In April 2005, David Parker, then a father of a kindergarten student, angrily met with school officials at a Massachusetts elementary school. His child had described to him a classroom lesson in which the teacher read from a book about different types of families – including those with homosexual parents.
The Associated Press is reporting that a federal appeals court today upheld the dismissal of a lawsuit filed by Parker against school officials.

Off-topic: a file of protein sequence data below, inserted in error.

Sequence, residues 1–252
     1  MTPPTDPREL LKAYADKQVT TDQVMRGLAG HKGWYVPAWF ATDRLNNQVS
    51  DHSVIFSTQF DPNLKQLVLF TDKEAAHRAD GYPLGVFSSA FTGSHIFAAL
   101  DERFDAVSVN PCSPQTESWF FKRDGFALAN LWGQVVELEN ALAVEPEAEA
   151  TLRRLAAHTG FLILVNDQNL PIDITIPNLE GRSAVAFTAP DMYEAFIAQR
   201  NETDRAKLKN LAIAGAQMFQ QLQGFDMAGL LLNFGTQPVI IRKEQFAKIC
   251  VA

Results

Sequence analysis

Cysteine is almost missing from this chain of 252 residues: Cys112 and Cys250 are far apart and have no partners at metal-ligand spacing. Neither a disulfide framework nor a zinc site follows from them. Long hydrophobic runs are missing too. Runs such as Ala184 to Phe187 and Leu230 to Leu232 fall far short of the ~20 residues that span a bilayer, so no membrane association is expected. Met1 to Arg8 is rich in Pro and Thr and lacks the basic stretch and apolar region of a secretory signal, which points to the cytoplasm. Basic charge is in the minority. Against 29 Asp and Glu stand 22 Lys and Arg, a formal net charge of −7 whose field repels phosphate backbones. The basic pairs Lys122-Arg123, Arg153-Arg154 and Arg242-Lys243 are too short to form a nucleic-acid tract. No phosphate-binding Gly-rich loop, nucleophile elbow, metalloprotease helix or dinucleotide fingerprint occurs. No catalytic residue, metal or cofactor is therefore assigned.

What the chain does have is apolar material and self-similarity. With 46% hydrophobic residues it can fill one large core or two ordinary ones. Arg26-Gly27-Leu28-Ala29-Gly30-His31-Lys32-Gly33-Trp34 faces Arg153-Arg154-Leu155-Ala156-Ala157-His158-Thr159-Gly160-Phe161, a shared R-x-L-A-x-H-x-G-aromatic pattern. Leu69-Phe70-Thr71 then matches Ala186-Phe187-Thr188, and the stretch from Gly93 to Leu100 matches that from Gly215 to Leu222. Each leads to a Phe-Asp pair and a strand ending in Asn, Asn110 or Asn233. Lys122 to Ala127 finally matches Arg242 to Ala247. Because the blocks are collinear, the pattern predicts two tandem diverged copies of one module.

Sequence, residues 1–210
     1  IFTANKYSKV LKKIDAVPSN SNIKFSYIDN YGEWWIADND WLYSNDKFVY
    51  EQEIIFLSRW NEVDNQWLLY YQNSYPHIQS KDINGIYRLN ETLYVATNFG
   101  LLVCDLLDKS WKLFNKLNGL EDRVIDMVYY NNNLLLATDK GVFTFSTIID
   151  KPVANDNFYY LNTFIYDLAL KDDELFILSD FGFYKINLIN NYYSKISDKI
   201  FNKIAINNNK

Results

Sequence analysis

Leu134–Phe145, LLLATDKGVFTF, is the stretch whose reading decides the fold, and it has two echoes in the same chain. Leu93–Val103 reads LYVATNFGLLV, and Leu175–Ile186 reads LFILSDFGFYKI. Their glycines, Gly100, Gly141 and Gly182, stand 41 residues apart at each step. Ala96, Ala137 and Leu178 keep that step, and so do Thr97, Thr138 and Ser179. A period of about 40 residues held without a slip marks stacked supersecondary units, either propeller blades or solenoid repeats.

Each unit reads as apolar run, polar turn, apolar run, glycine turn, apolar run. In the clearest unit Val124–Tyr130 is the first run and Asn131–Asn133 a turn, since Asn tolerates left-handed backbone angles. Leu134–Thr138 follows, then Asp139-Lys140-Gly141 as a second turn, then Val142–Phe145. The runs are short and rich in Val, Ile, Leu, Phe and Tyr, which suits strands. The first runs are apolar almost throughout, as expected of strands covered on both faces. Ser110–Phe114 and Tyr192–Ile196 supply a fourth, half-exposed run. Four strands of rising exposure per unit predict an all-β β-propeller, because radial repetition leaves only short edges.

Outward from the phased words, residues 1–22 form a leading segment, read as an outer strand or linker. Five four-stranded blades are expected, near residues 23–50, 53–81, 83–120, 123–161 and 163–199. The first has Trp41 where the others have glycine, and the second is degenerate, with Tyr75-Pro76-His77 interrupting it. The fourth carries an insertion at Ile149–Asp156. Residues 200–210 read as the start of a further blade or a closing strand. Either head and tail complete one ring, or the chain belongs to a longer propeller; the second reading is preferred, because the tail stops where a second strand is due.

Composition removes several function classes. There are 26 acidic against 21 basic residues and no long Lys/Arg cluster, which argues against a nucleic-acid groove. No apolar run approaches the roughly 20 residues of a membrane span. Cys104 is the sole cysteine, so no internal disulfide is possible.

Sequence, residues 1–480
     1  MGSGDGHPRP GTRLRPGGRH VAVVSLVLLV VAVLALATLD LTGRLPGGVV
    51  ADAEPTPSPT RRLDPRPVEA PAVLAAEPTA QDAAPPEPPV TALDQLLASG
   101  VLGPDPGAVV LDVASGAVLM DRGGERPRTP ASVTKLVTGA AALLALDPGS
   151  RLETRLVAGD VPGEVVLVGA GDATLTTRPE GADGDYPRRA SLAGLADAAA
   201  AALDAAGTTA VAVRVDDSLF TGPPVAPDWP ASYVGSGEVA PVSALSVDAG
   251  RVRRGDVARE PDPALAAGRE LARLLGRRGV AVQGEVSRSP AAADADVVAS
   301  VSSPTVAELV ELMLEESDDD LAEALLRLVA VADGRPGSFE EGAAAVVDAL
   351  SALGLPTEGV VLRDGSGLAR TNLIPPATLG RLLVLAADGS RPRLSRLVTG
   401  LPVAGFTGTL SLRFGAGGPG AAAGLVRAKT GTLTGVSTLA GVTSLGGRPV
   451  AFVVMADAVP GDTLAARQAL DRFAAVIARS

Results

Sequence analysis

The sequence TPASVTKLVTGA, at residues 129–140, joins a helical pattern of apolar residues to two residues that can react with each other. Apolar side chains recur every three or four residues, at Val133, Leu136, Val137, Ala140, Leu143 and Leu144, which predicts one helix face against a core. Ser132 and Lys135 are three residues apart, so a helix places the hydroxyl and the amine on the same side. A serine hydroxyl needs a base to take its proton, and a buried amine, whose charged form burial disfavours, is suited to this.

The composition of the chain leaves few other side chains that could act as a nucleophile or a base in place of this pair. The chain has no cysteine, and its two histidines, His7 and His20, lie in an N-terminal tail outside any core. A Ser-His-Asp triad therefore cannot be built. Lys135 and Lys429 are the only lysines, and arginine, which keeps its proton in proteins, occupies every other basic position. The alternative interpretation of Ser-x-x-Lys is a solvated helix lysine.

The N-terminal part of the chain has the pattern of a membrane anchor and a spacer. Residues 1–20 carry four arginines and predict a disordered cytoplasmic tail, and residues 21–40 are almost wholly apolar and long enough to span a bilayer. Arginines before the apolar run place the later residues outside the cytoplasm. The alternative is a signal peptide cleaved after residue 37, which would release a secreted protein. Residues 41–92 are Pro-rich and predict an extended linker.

The federal court agreed with a judge who ruled in February 2007 that parents’ rights to exercise their religious beliefs are not violated when their children are exposed to contrary ideas in school.
“Public schools are not obliged to shield individual students from ideas which potentially are religiously offensive, particularly when the school imposes no requirement that the student agree with or affirm those ideas, or even participate in discussions about them,” the court said in its ruling.